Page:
Mistress of the Mix: Shipwrecked! (Sorta.)

And then there was that time we were shipwrecked in Alaska.

This is a story I almost never tell, probably because it involves a little stupidity and poor planning, so even my own family will be surprised when they read the true story of the time we got stuck on a little island with no possible way to get back home, and not a soul knew we were there. Maybe I’m over dramatizing it a bit with the title, because we weren’t on a ship, and we weren’t actually wrecked. But close enough.

It was back in the ’90s, and some good friends were visiting from down south. Mike, Delynda and their daughter Apryl, who was about 12 years old. We wanted to take them on a truly Alaskan adventure, and well, we certainly accomplished that.

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One of the cooler (pun not intended) things about living where we were in Alaska was the ability to rent remote Forest Service cabins, most of them accessible only by boat or float plane. Over the years some of our best mini-vacations were the ones spent at these bare bones cottages out in the wild, drinking good wine and eating expensive cheese, watching the fish jump and studying ancient graffiti carved into the wooden platforms that served as bunk beds. And never seeing another soul.

The Mallard Slough Cabin on Dry Straight. As photographed by someone who actually made it to the cabin.

Of the dozen or so cabins that were in the the area, only one was available for the dates we were interested in, so we reserved it and paid the $25 fee (today it’s $49). The Mallard Slough cabin on Dry Straight was an A-frame with a wood stove, an outhouse, and two single wooden bed platforms. There was no drinking water or firewood provided, but we were Alaskans, we knew what to do. We were reminded that we’d better check the tides to make sure we timed our approach and departure at the right time. That’s because the tides in this part of Alaska are extreme, and they are even more extreme in the area we were headed to.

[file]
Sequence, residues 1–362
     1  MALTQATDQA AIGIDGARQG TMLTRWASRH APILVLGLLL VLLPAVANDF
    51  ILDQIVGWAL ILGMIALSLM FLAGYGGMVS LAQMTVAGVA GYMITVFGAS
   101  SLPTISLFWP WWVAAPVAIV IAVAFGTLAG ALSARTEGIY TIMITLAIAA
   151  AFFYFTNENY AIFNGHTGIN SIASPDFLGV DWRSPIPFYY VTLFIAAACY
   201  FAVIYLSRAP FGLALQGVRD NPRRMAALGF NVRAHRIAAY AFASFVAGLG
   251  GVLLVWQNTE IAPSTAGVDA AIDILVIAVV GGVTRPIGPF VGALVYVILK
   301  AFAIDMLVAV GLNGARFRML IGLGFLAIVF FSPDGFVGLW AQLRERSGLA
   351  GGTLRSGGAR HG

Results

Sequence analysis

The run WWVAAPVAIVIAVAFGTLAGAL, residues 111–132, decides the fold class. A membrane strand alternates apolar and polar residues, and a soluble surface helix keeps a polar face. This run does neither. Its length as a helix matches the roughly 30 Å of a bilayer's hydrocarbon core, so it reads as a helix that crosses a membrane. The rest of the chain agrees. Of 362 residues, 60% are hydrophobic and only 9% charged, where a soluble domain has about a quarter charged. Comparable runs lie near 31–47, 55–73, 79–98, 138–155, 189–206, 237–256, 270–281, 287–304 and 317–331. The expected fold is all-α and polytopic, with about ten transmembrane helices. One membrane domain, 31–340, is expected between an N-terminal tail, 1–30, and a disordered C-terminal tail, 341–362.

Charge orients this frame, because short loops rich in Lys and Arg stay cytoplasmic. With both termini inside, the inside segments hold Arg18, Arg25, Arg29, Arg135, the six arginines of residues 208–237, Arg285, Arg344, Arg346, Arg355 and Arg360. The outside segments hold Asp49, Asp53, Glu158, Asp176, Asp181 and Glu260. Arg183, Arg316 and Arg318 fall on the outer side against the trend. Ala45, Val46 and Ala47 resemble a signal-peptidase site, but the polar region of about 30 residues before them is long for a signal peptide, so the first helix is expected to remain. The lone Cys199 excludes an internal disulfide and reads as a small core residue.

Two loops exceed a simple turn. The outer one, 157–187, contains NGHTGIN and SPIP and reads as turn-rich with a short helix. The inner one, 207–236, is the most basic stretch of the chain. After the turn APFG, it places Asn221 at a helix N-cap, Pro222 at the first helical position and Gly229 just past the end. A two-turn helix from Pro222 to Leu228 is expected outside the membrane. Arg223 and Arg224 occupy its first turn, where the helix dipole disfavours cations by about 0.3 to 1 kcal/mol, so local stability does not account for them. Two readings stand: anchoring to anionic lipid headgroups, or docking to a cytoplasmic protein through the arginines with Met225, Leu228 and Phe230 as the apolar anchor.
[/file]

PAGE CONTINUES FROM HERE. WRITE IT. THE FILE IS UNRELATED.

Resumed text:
High & Low Tide at Sandy Beach, Petersburg, Alaska.

When I say extreme, I really mean it. Not only is it common for the area to experience an extreme 20+ foot high tide, it also experiences extremely low tides. The lowest on record for the area is -4.6 feet. Due to the gradually sloping sandy beaches surrounding many of the islands in the area, and the unforgiving, brutally fast tide that rushes in and rushes out, people perish every year getting caught out on the mud flats for something as simple as getting a boot stuck in the muck.  The headline for the obituary of another Alaskan who died on the flats told one of the truest cautionary tales: Tides wait for no man.